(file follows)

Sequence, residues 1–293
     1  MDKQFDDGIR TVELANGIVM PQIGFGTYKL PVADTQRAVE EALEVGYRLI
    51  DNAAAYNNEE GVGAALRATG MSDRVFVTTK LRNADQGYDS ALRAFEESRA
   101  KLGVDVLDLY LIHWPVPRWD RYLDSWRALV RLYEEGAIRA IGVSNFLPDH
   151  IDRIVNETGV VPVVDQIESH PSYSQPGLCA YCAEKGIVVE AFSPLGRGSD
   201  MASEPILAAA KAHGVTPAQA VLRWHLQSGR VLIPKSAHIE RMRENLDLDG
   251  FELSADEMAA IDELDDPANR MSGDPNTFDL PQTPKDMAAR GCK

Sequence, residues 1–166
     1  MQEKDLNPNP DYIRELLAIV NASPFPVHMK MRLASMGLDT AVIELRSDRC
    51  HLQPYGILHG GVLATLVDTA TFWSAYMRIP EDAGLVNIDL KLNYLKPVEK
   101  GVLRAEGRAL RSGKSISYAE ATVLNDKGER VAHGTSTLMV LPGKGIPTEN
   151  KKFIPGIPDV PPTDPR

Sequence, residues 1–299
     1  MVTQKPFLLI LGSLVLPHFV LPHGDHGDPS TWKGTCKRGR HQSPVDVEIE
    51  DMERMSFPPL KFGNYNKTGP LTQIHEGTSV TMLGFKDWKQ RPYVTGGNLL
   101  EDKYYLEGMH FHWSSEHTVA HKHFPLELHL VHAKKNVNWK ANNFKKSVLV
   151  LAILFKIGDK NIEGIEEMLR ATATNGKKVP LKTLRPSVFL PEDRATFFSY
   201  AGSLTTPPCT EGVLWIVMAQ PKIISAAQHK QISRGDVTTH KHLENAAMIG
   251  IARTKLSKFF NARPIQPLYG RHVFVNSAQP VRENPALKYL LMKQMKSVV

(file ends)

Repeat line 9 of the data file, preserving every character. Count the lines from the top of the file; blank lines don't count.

     1  MQEKDLNPNP DYIRELLAIV NASPFPVHMK MRLASMGLDT AVIELRSDRC